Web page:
My goal here is not to shame people who were expressing their legitimate heartfelt concerns, which is why I’m not embedding any of those tweets. I just want to explain what really happened, what the executive order actually says, and how we can avoid being taken in by such panics in the future.

[…]

ImageImage

"[T]he emergency of irregular migration has to be met with justice, solidarity and mercy. Forms of collective expulsion, which do not allow for the suitable treatment of individual cases, are unacceptable."
— Pope Francis, Morocco

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Re: Faith in the News

Post by wosbald » Sat Dec 14, 2019 8:59 am

+JMJ+

Sean Hannity says faith is 'stronger' than ever after leaving Catholic Church over 'institutionalized corruption'
Image
Talk show host Sean Hannity sat down with host of FOX Nation’s Ainsley’s Bible Study and co-host of FOX & Friends, Ainsley Earhardt for an in-depth discussion regarding his faith and religious beliefs. | Fox News

Sean Hannity says faith is 'stronger' than ever after leaving Catholic Church over 'institutionalized corruption'

Popular talk show host Sean Hannity says that despite leaving the Catholic Church due to “institutionalized corruption,” his Christian faith and relationship with God continue to be the source of his peace, security, and fulfillment.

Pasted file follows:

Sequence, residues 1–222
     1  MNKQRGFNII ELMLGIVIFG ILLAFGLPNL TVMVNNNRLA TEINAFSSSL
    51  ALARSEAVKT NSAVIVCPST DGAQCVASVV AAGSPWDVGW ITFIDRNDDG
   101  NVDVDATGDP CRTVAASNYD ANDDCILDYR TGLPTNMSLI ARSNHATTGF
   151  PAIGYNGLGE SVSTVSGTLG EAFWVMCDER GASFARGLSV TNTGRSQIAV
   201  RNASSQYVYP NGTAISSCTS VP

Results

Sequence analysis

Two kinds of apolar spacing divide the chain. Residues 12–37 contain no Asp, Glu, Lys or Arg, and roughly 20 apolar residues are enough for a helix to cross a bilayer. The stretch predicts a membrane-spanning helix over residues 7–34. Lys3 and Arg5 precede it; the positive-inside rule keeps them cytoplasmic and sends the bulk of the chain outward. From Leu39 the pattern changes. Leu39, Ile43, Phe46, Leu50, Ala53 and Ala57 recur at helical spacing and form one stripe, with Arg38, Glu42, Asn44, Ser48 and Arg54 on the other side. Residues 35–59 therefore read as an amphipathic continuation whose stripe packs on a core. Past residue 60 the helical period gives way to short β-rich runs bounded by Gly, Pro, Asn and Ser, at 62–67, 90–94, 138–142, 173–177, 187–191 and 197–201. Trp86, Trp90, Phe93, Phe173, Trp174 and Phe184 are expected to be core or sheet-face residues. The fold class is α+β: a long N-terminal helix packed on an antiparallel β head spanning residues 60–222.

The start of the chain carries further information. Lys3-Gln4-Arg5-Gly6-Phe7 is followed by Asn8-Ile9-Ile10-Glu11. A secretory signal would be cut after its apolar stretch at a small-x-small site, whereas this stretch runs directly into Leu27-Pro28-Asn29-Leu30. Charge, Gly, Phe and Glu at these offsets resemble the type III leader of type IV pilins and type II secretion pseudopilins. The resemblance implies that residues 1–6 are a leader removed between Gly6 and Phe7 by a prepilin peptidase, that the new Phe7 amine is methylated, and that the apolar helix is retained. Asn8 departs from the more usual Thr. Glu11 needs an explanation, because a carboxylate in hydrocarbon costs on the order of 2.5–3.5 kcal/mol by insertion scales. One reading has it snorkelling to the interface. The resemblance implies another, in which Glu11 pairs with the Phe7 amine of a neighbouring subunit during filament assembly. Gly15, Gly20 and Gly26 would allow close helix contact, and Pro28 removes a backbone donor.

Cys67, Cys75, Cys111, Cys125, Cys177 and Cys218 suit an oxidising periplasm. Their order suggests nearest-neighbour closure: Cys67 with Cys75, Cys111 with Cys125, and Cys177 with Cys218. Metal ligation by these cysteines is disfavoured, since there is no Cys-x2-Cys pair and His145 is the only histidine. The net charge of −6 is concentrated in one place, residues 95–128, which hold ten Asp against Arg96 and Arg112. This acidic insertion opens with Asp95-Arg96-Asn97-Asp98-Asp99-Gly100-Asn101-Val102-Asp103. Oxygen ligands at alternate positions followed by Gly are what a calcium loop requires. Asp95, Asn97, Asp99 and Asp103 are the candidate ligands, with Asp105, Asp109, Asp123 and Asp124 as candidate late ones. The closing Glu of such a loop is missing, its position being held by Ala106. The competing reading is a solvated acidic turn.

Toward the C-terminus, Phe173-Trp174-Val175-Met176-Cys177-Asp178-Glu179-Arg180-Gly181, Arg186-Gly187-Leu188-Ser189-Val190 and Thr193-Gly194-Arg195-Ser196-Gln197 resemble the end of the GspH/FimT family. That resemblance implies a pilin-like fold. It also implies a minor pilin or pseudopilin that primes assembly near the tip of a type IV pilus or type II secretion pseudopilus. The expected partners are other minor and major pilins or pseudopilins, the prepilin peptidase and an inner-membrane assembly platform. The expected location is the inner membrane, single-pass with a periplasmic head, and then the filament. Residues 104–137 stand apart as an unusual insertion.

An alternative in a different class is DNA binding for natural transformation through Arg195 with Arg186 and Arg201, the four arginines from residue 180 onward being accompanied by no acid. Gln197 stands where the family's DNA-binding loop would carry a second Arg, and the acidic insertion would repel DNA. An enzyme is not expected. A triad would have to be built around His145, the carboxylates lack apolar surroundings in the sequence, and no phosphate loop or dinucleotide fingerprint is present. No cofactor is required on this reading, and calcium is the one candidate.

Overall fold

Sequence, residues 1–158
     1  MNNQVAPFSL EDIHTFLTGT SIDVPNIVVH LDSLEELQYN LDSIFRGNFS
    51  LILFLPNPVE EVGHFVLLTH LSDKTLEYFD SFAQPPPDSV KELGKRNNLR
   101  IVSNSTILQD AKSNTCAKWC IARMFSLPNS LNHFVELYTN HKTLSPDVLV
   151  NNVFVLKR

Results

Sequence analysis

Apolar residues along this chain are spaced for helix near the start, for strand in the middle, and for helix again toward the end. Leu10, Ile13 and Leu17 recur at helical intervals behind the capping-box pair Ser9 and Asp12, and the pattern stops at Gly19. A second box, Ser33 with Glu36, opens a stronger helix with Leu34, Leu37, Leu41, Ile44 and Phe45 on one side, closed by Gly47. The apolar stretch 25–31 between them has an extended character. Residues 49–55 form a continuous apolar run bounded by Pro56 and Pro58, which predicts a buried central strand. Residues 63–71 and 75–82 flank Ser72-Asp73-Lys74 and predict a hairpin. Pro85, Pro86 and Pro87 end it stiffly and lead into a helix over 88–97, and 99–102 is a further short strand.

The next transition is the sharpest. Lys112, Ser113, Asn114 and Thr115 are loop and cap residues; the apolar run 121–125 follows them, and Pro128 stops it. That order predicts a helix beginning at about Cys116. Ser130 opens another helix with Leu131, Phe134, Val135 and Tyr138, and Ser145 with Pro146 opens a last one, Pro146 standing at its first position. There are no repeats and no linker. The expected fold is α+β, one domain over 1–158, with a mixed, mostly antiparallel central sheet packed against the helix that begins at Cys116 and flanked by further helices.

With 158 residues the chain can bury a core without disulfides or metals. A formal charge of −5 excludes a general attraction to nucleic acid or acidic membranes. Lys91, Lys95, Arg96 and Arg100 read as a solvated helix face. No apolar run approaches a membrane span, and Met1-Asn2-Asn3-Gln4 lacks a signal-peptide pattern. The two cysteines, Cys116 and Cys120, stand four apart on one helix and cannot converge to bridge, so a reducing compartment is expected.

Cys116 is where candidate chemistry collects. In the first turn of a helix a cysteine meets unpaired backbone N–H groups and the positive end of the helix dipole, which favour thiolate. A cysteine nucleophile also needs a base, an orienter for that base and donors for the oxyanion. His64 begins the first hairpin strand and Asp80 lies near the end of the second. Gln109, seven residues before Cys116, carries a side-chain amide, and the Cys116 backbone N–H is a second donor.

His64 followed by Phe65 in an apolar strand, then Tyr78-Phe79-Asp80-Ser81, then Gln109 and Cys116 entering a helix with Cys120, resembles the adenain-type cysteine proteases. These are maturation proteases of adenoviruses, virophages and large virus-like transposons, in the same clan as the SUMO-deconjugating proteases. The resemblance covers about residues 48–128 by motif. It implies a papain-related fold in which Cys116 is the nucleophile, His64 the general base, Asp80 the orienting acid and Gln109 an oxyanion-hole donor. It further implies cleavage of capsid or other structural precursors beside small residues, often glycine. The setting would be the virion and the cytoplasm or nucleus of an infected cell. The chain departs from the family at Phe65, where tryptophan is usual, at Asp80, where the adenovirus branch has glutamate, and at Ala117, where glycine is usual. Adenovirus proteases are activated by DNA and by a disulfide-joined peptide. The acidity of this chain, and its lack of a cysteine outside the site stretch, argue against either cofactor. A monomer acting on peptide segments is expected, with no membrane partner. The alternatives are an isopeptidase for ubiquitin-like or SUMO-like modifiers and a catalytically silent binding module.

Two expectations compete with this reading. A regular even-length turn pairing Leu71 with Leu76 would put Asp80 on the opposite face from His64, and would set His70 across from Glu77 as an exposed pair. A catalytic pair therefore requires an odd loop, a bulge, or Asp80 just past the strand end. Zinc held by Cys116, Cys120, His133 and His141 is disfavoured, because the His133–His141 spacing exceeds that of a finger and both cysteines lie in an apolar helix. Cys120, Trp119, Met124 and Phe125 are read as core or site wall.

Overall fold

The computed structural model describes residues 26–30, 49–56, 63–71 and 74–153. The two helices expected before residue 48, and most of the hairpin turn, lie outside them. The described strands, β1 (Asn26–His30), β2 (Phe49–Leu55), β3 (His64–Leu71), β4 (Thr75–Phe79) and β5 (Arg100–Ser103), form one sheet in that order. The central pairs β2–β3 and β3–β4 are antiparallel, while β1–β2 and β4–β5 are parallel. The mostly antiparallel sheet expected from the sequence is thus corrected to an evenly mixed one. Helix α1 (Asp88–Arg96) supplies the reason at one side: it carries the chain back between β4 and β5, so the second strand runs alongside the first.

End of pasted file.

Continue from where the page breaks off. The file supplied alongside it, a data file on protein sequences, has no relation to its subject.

In an interview with Ainsley Earhardt, co-host of FOX & Friends and host of FOX Nation’s "Ainsley’s Bible Study" that will be broadcast online Wednesday, Hannity opens up about his journey to finding God, his current religious beliefs, and why he loves the Christmas season.

The host of "The Sean Hannity Show" revealed in a clip shared with The Christian Post that despite attending Catholic school for 12 years, he is no longer affiliated with the Catholic Church due to “too much institutionalized corruption” that has not been “rectified.” However, Hannity said his faith has “gotten stronger” as he’s “gotten older.”

“I would say I realize more than ever that I not only need, but I want God in my life,” the 57-year-old author said, adding that science reflects the majesty and ingenuity of God.